One of the stocks that hit a high last fall is the mega-cap EV giant Tesla (TSLA). Since its November 4th, 2021 high, TSLA has fallen only 18.41%, and it is only down 5% year to date. Even though hardly anyone would wish to see an investment lose nearly a fifth of its value, that is a substantially better result than most other ARKK holdings. For example, Berkley Lights (BLI) down 94% from its 5-year high, while 43% of the ETF’s holdings have fallen by at least 75%. Given that TSLA is by far the largest ARKK holding with a 10.55% weight, its smaller decline relative to the rest of the ETF’s holdings has helped ARKK from falling even more.
With the average ARKK stock down 70% from its 5-year high, it’s going to take a huge rally in the “growth” space to get back to prior levels. As shown at the bottom of the table, the average stock in the ETF now needs to rally 348% to get back to prior highs! Click here to learn more about Bespoke’s premium stock market research service.
Bespoke Investment Group, LLC believes all information contained in this report to be accurate, but we do not guarantee its accuracy. None of the information in this report or any opinions expressed constitutes a solicitation of the purchase or sale of any securities or commodities. This is not personalized advice. Investors should do their own research and/or work with an investment professional when making portfolio decisions. As always, past performance of any investment is not a guarantee of future results. Bespoke representatives or clients may have positions in securities discussed or mentioned in its published content.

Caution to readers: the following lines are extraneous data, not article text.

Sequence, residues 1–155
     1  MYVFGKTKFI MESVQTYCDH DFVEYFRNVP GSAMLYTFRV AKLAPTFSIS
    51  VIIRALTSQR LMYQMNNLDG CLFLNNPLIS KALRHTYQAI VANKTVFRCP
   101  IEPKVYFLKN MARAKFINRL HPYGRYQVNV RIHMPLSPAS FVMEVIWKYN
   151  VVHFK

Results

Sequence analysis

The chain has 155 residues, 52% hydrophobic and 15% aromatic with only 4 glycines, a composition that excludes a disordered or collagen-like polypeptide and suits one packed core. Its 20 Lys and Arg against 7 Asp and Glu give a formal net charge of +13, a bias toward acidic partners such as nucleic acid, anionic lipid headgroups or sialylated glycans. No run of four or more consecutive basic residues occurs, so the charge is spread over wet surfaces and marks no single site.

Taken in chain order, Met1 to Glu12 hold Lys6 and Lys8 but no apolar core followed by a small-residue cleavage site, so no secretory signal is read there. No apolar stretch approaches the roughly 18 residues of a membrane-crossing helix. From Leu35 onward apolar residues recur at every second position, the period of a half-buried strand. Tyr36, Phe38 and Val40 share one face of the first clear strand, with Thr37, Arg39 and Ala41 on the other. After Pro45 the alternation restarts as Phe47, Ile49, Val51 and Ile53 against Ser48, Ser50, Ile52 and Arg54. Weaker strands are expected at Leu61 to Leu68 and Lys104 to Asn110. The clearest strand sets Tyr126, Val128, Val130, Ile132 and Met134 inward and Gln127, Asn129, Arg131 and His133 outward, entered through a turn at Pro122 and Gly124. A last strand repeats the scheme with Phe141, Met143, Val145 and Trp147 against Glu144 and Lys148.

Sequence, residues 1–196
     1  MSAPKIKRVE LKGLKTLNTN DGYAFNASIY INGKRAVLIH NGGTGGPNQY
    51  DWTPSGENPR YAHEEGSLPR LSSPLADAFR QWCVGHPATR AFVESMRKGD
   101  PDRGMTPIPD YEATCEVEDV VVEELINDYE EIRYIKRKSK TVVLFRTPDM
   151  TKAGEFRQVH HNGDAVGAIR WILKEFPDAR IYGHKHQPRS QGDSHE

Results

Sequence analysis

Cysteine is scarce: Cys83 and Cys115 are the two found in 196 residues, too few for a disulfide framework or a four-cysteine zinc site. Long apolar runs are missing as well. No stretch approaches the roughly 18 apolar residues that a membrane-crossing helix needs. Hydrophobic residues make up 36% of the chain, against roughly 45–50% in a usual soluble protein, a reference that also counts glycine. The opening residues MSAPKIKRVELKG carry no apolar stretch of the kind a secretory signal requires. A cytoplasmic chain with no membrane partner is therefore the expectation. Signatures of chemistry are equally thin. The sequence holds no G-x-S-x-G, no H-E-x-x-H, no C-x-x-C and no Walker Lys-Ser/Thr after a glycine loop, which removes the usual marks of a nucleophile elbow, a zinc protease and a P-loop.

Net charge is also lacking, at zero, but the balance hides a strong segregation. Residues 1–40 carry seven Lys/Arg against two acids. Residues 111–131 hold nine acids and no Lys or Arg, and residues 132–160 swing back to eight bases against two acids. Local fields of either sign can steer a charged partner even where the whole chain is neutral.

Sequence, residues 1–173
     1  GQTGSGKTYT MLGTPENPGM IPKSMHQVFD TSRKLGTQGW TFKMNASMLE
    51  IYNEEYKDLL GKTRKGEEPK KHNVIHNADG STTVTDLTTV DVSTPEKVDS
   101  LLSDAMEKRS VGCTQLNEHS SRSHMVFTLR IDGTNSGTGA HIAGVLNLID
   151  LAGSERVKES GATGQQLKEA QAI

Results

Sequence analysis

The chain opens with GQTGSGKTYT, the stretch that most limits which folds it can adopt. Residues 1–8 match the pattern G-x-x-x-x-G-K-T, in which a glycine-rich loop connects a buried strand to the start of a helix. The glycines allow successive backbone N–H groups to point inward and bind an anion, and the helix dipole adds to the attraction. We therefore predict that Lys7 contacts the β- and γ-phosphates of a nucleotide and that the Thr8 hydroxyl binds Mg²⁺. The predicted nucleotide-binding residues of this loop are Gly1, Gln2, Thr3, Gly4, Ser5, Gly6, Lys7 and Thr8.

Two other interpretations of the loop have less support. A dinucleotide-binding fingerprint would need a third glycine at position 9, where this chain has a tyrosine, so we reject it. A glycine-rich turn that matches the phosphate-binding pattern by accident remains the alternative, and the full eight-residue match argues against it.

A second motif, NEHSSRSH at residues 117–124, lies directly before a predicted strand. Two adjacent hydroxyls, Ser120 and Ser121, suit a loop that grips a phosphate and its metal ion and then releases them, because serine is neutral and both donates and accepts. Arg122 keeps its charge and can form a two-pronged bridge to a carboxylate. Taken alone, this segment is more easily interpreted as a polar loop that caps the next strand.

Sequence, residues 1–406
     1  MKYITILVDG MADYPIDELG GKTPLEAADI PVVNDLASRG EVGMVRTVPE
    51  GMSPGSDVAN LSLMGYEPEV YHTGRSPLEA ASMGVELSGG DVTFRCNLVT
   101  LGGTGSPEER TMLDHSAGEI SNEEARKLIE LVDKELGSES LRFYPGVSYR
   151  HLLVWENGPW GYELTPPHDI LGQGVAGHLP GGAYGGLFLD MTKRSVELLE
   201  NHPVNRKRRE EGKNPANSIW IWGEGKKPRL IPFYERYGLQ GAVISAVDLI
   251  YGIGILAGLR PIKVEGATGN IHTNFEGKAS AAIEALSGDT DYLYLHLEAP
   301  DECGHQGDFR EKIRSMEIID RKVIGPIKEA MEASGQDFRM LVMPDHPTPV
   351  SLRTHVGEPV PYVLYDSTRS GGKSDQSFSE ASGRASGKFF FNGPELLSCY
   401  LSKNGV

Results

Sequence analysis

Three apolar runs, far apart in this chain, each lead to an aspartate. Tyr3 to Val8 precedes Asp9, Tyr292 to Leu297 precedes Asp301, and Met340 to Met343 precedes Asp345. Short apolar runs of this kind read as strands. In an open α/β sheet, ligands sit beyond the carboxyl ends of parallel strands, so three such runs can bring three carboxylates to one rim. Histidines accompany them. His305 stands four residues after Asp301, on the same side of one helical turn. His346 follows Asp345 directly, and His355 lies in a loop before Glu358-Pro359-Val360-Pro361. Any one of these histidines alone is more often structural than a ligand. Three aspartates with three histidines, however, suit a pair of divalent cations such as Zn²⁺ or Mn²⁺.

The “Bespoke 50” is a basket of noteworthy growth stocks in the Russell 3,000. To make the list, a stock must have strong earnings growth prospects along with an attractive price chart based on Bespoke’s analysis. The Bespoke 50 is updated weekly on Thursday unless otherwise noted. There were no changes to the list this week.
The Bespoke 50 is available with a Bespoke Premium subscription or a Bespoke Institutional subscription. You can learn more about our subscription offerings at our Membership Options page, or simply start a two-week trial at our sign-up page.
The Bespoke 50 performance chart shown does not represent actual investment results. The Bespoke 50 is updated weekly on Thursday. Performance is based on equally weighting each of the 50 stocks (2% each) and is calculated using each stock’s opening price as of Friday morning each week. Entry prices and exit prices used for stocks that are added or removed from the Bespoke 50 are based on Friday’s opening price. Any potential commissions, brokerage fees, or dividends are not included in the Bespoke 50 performance calculation, but the performance shown is net of a hypothetical annual advisory fee of 0.85%. Performance tracking for the Bespoke 50 and the Russell 3,000 total return index begins on March 5th, 2012 when the Bespoke 50 was first published. Past performance is not a guarantee of future results. The Bespoke 50 is meant to be an idea generator for investors and not a recommendation to buy or sell any specific securities. It is not personalized advice because it in no way takes into account an investor’s individual needs. As always, investors should conduct their own research when buying or selling individual securities. Click here to read our full disclosure on hypothetical performance tracking. Bespoke representatives or wealth management clients may have positions in securities discussed or mentioned in its published content.